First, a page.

Stark choices ahead for European business when it comes to relationships with technology
Insights from global industry experts, company leaders and employees highlight considerable gaps in readiness, understanding and vision for a technology savvy future
Over the coming years, our industries and workplaces will undergo dramatic transformation, reshaping how companies are organised and how people work. From manufacturing and retail to education and healthcare, critical choices need to be made now in order to open up future opportunities. The way we educate and train people, the way we regulate industry, and the way we ensure that companies remain competitive and also serve society are all big topics of discussion.
With this in mind, Epson recently embarked on a piece of research with the aim of understanding not just the expected major trends in workplace technologies and how they will transform industries and work, but also the willingness of people to embrace these technologies and changes. This first-of-its-kind research tested the acceptance of insights from 17 global industry experts with over 7,000 company leaders and employees in the five largest European economies. Findings suggest there are some hard choices are ahead for individuals, employers and policymakers alike with regards to technology adoption. These choices, which may well impact individual employability, corporate performance and international competitiveness, are greeted with mixed emotions towards the potential benefits (and perceived threats) of technology in different industries and economies.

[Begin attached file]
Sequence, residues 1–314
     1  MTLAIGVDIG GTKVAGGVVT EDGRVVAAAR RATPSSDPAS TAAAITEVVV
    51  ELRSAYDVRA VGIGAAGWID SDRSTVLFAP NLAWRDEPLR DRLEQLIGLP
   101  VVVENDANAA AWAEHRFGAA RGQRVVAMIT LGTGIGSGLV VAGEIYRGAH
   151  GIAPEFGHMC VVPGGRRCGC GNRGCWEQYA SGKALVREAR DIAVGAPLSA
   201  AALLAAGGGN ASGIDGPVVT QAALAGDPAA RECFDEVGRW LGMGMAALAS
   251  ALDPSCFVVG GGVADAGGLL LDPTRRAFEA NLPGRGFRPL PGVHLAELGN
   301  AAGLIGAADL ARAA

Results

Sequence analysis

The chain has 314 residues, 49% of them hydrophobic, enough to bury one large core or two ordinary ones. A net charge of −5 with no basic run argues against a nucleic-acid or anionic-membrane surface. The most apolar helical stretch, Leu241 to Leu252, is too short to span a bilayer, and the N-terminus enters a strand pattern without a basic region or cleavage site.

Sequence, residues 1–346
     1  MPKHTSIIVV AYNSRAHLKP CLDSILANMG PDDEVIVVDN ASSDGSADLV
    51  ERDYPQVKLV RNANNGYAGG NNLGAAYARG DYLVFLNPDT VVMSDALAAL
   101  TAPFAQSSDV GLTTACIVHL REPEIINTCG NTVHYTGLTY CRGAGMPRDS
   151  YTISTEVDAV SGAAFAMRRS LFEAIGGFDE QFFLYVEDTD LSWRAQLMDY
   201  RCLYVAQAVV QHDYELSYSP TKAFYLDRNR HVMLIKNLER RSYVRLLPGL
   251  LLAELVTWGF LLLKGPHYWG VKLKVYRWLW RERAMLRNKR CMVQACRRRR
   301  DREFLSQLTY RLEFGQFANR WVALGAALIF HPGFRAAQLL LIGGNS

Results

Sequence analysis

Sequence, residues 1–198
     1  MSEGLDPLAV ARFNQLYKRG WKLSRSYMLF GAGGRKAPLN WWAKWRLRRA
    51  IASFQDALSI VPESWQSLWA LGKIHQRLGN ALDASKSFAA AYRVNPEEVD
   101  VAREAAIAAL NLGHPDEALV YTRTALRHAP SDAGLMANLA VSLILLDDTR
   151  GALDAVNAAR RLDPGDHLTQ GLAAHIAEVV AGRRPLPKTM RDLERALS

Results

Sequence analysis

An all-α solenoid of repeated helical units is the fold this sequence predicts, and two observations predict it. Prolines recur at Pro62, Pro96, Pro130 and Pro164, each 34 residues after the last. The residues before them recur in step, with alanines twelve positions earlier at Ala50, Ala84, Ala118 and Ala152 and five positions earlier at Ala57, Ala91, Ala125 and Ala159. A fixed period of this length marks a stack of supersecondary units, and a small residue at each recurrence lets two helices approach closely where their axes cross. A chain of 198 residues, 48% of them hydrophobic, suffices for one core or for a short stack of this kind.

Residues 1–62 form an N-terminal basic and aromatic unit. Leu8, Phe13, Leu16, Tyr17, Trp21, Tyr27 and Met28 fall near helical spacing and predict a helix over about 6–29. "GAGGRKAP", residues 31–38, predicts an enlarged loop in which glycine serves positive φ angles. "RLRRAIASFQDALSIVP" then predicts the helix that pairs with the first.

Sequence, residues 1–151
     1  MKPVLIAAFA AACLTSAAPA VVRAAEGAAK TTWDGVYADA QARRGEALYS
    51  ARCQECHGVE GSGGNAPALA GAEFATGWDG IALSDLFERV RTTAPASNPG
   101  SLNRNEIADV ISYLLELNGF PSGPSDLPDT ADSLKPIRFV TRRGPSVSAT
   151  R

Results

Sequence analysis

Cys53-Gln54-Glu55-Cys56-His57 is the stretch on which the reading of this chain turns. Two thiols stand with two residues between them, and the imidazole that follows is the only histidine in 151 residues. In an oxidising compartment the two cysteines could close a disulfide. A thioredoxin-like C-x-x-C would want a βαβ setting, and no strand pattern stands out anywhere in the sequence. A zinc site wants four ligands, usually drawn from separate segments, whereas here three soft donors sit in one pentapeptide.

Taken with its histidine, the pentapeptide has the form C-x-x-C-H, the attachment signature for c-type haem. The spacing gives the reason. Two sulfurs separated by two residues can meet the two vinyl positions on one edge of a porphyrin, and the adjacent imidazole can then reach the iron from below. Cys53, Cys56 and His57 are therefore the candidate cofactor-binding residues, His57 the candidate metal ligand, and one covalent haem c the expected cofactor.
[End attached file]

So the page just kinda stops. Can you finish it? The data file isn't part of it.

Across industries including healthcare, education, retail and manufacturing, over half (57%) of the European workforce believe industries and organisational models will be disrupted by technology during the next ten years, and 6% agreed that their individual roles will no longer exist. Based on current models, this figure suggests employment levels could reduce to 64%, lower than that of ten years ago1. Despite this, when shown how technology could shape their workplaces, 72% expressed positive sentiment about the future, with 65% of respondents expressing a willingness to retrain for new roles.
But this optimism may well be in vain if organisations themselves do not seek to maximise the opportunity afforded by new technology. With only 14% of employees considering their organisations ‘excellent’ at monitoring for new technology advancements, and less than a third (28%) believing their organisations are particularly good when it comes to implementing new technology, the question over whose responsibility it is to drive the implementation and use of new technology remains.
What there is no dispute over however, is that our ‘working world’ as we know it is set to be transformed. How we as individuals, organisation and nations adapt and evolve will likely decide who remains successful and who does not.
Over a series of posts we will share insights from this research, and discuss the considerable gaps identified in organisational readiness and individual awareness as to the benefits of technology. We will also look at responsibility and how best to prepare for the future. Although technology may be driving massive change, behind this is the human drive to create a better society. Technology is the means to achieve this improvement, not the end in itself. But it’s clear that there are stark choices ahead for European business when it comes to relationships with technology.
Want to know more?
The full report has all the insights, you can download it here